And the more decent and nice a person you are – like these Jews Jesus was speaking to in John chapter 8 – the harder it is to spot if you’re actually still serving self, and the harder it is to admit that, like Jesus says, that’s a kind of ‘slavery’ – ie, something you can’t just change yourself, and free yourself from. So, eg, just imagine that I set you the challenge that for the next month, you’re to say nothing untrue – no exaggerations, distortions or lies to make yourself look better or to cover up your faults (like reasons you give for being late – isn’t that a classic breeding ground for lies?). You’ll find that you won’t be able to keep that challenge, because when we cross God out of the picture we go looking for our sense of worth in the approval of others, instead of in his love and acceptance. And because their approval matters so much, we’re afraid to present our true selves to them for fear of their disapproval or even rejection. And so we exaggerate and distort and lie.
That’s the kind of ‘slavery’ Jesus is on about. And in some areas of sin it’s more obvious – like internet pornography. Plenty of people (including here tonight) have used their freedom to look, and then found they’ve lost the freedom to stop looking. But there are as many kinds of this slavery as there are people here. So, eg, your substitute for God might be success. In which case your slavery is that you have to keep coming top, keep getting A-grades, keep winning on the sportsfield, etc – because anything less is a disaster for your self-worth. Or, eg, your substitute for God might be a boyfriend. In which case your slavery may be doing things with him that you don’t want to do, but feel you have to do, to keep him. And so on.
Each of us tonight is on one of those two sides – serving God, or serving self and various ‘God-substitutes’). And Jesus says: it’s serving God that’s real freedom, and anything else that’s not.
I was reading Thomas the Tank Engine with my children the other day. And one of the engines – Gordon or Henry or someone – was racing Bertie the bus where the railway runs beside the road. And like a twit, he forgot he had to stay on the rails, and he came off at a corner and ploughed to a halt in a field, leaving Bertie beeping his horn triumphantly (and, in my, view uncharitably).The point is: if you’re made to run on rails, you’ll only find real freedom on rails. And if you were made in God’s image, to live in relationship with God (which the Bible says you were), you’ll only find real freedom by coming into relationship with him.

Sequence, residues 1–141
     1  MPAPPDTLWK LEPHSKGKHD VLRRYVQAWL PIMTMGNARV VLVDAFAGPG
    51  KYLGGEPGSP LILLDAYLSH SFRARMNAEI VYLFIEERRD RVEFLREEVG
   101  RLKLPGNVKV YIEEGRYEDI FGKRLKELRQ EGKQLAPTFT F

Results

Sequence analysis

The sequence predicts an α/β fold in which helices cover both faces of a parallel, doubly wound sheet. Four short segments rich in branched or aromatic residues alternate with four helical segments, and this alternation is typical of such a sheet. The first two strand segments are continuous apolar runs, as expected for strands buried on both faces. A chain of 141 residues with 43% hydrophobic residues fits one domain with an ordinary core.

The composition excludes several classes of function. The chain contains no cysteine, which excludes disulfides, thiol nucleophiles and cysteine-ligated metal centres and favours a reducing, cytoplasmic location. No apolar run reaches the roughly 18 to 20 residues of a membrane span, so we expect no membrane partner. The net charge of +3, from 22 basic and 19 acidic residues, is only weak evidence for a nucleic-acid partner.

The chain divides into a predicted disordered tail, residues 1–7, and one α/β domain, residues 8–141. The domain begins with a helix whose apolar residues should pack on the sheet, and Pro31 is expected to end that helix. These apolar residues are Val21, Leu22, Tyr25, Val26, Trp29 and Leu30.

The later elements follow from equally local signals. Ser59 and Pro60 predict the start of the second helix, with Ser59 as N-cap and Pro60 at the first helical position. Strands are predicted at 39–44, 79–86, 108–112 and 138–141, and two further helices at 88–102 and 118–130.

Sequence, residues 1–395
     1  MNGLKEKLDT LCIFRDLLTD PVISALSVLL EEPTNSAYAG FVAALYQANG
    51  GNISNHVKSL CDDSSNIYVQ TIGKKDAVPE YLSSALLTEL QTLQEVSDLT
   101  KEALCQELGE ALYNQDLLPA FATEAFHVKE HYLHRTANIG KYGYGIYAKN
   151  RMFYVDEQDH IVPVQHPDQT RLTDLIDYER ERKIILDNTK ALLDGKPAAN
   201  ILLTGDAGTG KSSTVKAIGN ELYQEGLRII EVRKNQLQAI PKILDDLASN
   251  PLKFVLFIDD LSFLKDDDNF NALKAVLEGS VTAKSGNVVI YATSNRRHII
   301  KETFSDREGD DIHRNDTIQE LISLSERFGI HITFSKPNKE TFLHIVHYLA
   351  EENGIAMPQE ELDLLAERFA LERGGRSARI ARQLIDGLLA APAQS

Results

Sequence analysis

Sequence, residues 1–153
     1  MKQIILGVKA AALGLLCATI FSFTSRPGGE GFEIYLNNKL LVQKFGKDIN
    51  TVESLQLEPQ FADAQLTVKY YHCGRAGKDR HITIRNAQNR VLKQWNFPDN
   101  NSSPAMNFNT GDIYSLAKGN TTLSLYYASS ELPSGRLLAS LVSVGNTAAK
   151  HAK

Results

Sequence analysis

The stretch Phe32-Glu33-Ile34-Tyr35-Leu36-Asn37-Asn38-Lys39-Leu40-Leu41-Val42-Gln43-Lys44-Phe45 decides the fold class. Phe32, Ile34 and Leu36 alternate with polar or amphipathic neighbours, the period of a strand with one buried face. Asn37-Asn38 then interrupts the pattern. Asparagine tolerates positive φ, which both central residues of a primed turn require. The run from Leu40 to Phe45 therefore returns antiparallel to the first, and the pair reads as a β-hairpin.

So how can that happen? Well, take one last look at v36 as I wrap up. Jesus says:
“So if the Son [that’s Jesus – the Son of God] sets you free, you will be free indeed.” (vv36)
The really offensive thing we’ve all done in our hearts to God is to say, like my brother, ‘I don’t want you interfering in my life’ – as if it is mine, as if he didn’t give it to me, and as if I know better than him how to live it. And Jesus came to die on the cross, to pay for the forgiveness of that offence, and of all our acts of sin past and future that flow from it. And then he rose again from the dead, and is alive in heaven, and is inviting you, whoever you are and whatever you’ve done, to come back into relationship with him and his Father. And if you do, he says you’ll be free indeed:
• Free from the weights on your conscience, because you’ve found real forgiveness;
• Free from having no real reason for your moral beliefs or real motivation to keep to them;
• Free to be able to say ‘No’ to yourself and your desires, as well as ‘Yes’;
• Free to be able to stand up to boyfriend pressure, peer pressure, whatever pressure, because ultimately you belong to God and not to them;
• And free to succeed and fail and live with yourself as you are – because you’ve finally found your sense of worth in God, where it should have been all along.
You may be at the point where you want to know how to begin that relationship with God. And if that’s you, do pick up a copy of one of these booklets, Why Jesus? and give it a read before you go to sleep tonight.
If tonight has whet your appetite and you want to keep looking into this, it’s not too late to join our new Christianity Explored course – do ask one of us on the staff about that. But many people just like the anonymity of coming along on a Sunday and hearing more, and you’re always welcome to do that, too.
Thank you again for coming.